The featured work included insightful interviews, but also episodes consisting of soap-opera acting which was a stark contrast to the interview footage that it was paired with.
The first piece of work by Rehana Zaman was a perfectly insightful interview-based video feature with a woman named Lourdes from Mexico. The video provided a great perspective of her life working on the market and how many other women feel living in Mexico. Eleven minutes long, this video goes in fast as Lourdes’ fun personality and interesting answers unearth the details of her busy working life. The setting, a busy market where Lourdes works, gave a taste of Mexican culture.
The editing of the interview was especially interesting as it still included all the little awkward silences that made the interview seem all that more real. During the video, 3D images came onto the screen of a tongue squirming in a mouth which was an odd contrast to the simple interview footage. That being said, it wasn’t unlikable – it was actually kind of cool and unexpected.
Next was a 6-minute episode piece totalling 49 minutes called Some Women, Other Women and All the Bitter Men. The first most noticeable thing upon walking into the room reserved for this work was the wonderful layout; the room was truly transformed just by how screens were perfectly angled and the use of a curtain. However, the actual episodes were verging on tacky thanks to the cliché soap-opera acting and plot. It was also combined with interview segments wedged in-between which was too far of a contrast and the two types of footage just did not mix.
The interview of the women speaking felt quite stale and quiet compared to the humorous and lively interview with Lourdes.
Unfortunately there is no sound as the audio was played through headphones during the exhibition.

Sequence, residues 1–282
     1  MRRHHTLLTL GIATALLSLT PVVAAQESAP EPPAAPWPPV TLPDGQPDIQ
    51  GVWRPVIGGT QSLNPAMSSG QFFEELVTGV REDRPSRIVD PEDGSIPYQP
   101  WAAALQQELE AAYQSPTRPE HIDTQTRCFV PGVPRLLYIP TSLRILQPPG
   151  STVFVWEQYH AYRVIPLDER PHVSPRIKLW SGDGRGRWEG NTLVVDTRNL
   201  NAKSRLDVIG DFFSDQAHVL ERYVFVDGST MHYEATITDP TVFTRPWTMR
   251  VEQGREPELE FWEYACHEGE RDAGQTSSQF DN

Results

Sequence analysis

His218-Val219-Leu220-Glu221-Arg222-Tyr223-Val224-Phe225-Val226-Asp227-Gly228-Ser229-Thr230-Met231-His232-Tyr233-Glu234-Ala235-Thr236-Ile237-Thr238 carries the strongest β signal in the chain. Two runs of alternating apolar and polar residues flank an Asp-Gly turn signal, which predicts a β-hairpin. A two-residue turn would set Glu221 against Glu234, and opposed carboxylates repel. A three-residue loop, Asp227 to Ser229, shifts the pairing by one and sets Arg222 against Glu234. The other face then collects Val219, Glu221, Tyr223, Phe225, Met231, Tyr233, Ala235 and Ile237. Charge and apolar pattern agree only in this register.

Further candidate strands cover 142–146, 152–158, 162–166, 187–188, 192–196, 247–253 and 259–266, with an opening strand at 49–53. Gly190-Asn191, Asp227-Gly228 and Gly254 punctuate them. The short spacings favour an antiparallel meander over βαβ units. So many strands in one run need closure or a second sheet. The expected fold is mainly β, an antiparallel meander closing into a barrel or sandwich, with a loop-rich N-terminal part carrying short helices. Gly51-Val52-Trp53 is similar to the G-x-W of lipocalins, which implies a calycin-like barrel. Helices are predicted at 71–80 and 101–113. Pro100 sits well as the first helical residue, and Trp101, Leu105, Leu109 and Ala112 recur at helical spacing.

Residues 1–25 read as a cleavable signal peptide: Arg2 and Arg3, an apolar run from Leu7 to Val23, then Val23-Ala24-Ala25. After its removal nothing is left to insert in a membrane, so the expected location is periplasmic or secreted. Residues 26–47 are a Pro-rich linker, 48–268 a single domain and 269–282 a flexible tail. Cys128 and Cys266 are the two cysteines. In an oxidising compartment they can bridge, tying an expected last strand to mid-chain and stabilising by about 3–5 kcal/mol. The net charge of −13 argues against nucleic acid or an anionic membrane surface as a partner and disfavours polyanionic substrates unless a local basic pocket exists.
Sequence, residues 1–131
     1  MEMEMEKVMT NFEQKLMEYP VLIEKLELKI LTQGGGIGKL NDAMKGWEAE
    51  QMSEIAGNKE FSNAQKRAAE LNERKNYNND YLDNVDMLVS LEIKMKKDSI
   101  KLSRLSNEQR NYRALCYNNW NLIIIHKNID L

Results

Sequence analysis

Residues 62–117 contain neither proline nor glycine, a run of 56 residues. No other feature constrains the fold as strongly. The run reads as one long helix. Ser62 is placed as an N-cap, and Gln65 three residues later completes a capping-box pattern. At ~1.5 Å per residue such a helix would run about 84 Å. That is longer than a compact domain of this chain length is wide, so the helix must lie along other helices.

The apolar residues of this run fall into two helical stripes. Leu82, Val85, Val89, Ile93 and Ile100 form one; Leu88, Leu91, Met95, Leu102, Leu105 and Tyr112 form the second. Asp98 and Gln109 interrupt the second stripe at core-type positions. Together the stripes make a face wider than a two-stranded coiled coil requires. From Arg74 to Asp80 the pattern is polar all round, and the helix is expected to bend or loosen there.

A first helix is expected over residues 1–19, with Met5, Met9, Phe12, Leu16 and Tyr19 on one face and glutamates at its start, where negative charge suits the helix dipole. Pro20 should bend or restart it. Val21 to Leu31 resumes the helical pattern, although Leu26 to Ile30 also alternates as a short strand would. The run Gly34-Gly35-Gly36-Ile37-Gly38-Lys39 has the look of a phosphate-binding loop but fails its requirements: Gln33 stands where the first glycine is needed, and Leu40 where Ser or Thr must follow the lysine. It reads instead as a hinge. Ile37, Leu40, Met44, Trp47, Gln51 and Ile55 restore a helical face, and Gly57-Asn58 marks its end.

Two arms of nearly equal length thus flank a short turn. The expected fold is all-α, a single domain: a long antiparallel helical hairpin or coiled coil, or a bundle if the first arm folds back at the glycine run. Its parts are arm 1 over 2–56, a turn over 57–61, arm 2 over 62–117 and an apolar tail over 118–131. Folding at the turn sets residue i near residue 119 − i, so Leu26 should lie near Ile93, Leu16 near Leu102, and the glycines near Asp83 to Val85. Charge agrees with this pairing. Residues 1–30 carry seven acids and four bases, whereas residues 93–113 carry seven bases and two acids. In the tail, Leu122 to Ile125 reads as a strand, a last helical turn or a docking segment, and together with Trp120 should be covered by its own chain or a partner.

The last exhibit was Citations were a woman called Farah was being interviewed. The interview was chatty, open and insightful as Farah discussed how she believed that all Arabic women were controlled by their husbands and the stereotypes that she believed; she also spoke about coming to the realisation that these stereotypes were not always true.
The interview, which takes place in Farah’s home, understandably made her feel more comfortable. She went on to say why she had such thoughts and told the interviewer how she used to live in an abusive relationship – both physically and mentally.
This interview gives the viewer an understanding as to how people’s perceptions and opinions are shaped based on their life experiences which was great.
Interrupting the interview were weird graphics of a human figure that is seen sinking into herself and vomiting. Again, a stark contrast to the raw and simple interview footage. They didn’t really go together, but I liked the ideas separately.
Overall, this exhibition was okay. Certain aspects were enjoyable and eye-opening and whilst contrast is a good thing it can sometimes be taken too far. The room set-up was really well thought-out and the interviews with Lourdes and Farah gave an insight into how woman live within their different cultures and some of the hardships that they go through.
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